BCHS honored for having 100% of eligible students registered to vote, Fitzwater leads way
Boyle County High School received an honor Wednesday morning, and it was hand-delivered by the secretary of state. Alison Lundergan Grimes presented the Georgia Davis Powers Award to the only
high school in the state with 100% of eligible students registered to vote.
“I’m here today to present to Boyle County an achievement that only Boyle County is receiving this year, in all of our high schools across the Commonwealth, this is the only high school in the entire state of Kentucky that managed to get all of your eligible students registered to vote,” Grimes said.
Grimes hammered home the importance of voting rights to the cafeteria full of seniors, and then handed the Powers Award plaque over to Vanita Fitzwater, explaining how she led the charge at BCHS to get students registered.
“Here in Boyle County, you’re no stranger to making this school and this community a better place,” Grimes told the crowd, calling the community very active and engaged. She explained that the late Sen. Georgia Davis was a pioneer of Frankfort, as the first African-American and woman elected to the Kentucky State Senate.
Grimes said she wanted to honor the late senator by naming the award after her in ‘16, because Davis worked to make sure schools had the funding they needed and deserved, was a trailblazer for Civil Rights and made sure everyone — regardless of their race — had access to a ballot box, among many other things.
“Right now, there are pundits that bet against each and every one of you all, do you know that? Grimes asked the students. “They say you’re the lost generation, that in the era of texting and tweeting and chatting and Facebook liking and instagram, Snapchatting … that in this era of social media extravaganza, that you all are the lost generation and won’t show up.”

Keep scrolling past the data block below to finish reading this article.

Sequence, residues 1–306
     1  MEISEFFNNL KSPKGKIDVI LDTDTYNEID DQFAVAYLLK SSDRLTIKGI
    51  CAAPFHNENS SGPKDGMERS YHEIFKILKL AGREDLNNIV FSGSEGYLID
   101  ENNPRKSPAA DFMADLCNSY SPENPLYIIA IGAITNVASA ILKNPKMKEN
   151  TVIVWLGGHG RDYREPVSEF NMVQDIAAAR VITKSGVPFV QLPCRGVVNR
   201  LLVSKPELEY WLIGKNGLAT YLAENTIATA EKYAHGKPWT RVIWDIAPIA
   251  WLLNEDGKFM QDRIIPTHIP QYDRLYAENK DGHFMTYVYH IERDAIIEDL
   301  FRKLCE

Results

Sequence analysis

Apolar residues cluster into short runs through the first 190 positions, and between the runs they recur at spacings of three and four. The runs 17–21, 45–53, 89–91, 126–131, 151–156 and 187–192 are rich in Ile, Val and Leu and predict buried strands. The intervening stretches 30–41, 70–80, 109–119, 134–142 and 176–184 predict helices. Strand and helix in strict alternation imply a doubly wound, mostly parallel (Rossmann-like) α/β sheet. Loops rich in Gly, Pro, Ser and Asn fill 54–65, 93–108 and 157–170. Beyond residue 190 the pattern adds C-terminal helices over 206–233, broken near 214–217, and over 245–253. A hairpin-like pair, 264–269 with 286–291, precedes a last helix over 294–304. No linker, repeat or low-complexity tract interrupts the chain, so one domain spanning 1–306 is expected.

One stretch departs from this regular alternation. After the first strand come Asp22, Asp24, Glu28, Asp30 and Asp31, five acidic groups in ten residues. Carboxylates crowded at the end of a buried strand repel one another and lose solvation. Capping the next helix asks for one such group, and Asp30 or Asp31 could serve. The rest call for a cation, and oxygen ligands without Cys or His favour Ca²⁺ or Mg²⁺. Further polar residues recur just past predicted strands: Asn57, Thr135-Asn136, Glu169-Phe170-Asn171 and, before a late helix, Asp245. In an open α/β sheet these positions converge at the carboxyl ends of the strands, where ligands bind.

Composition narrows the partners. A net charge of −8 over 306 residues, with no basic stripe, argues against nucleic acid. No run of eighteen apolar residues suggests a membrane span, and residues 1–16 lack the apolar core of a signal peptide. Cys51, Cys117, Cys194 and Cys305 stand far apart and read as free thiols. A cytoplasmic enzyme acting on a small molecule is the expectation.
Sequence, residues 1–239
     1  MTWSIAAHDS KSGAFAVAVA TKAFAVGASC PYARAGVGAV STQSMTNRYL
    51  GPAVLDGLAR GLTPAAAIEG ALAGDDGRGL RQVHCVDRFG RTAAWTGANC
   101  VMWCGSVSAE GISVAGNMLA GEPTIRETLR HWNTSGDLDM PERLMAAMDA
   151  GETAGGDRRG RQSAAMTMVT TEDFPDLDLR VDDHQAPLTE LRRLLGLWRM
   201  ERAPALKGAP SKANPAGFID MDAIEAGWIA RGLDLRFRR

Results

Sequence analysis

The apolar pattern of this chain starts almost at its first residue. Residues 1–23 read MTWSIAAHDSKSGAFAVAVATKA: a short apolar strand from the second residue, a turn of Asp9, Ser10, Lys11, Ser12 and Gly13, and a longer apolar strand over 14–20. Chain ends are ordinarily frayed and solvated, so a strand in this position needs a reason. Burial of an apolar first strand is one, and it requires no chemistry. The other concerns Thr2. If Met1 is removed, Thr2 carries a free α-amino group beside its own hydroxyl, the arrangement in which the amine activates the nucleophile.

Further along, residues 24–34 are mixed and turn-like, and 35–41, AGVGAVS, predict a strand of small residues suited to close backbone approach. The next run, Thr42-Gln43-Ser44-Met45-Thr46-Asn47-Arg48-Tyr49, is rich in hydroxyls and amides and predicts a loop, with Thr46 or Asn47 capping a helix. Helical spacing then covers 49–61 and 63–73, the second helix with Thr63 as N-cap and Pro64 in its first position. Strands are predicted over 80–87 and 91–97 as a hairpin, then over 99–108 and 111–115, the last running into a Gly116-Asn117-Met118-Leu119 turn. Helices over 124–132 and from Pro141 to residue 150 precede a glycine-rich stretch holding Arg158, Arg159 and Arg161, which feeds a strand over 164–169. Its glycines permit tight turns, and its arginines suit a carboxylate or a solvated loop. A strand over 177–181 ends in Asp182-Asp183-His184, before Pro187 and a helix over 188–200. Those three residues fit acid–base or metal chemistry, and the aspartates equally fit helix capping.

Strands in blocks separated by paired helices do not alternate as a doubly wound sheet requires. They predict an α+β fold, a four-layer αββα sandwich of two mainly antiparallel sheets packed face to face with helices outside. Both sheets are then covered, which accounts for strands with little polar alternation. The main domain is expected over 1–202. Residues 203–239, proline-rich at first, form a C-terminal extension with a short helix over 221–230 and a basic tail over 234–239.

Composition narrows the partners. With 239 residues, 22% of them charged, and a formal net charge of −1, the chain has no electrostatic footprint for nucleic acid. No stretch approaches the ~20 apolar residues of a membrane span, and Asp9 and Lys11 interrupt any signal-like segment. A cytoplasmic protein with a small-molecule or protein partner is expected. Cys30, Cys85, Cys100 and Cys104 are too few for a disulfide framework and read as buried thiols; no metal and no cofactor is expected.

Grimes said Sen. Davis “taught me to never give up on youth, and they are our future. I’d not be here if she’d given up on me. She was my mentor, she taught me.”
Grimes applauded Fitzwater’s work in spreading the word about the importance of getting registered to vote.
“I need folks realizing the power of their voice to make a difference,” Grimes said.
Fitzwater said most of her work with getting students registered was one-on-one. “I just talked to a lot of people and informed them, we’re electing local people, and they’re representing us on such a large scale. It’s really hard for us to get our voice into government, even with the system that we have.”
Fitzwater said when communities rally together, “We can go to Frankfort, Capital Hill and speak our opinions whether in protest or in court …” but that she feels local elections are some of the most important to be active in.
Tyler Murphy, who teaches AP Government, told Fitzwater, “You did a good job. I appreciate you reaching out to inspire. You inspired others.You started the ball rolling.”
Fitzwater smiled. “I’m glad we were able to do it.”
Grimes also told students that as secretary of state, she has three primary functions: Watching over all of the businesses that operate in the state, being chief advocate for civic engagement and watching over all of the elections that occur in the state.
“You’re aware there’s an election on the 21st? 12 days and a wake up!” Grimes said, and repeated a few times. As secretary of state, her office “works really hard to make sure you’re participating in this thing we call democracy.”
Grimes said in her role as chief civil advocate, she is out “making sure people realize you have two hands in life for a reason — one to help yourself, the other to reach back out and help bring somebody else along with you.”
Grimes told the students she is betting on them. “I hope I’m looking out at a future secretary of state, attorney general, supreme court justices … You’re the leaders, and not the future, current leaders. How many good things have happened in Frankfort because you showed up and got out and got loud. You stopped bad legislation …”
The secretary of state said the school is taking a huge step in making sure everyone is registered to vote who is eligible. “You have the potential to make sure you’re no longer the minority participating in our elections, but the majority.”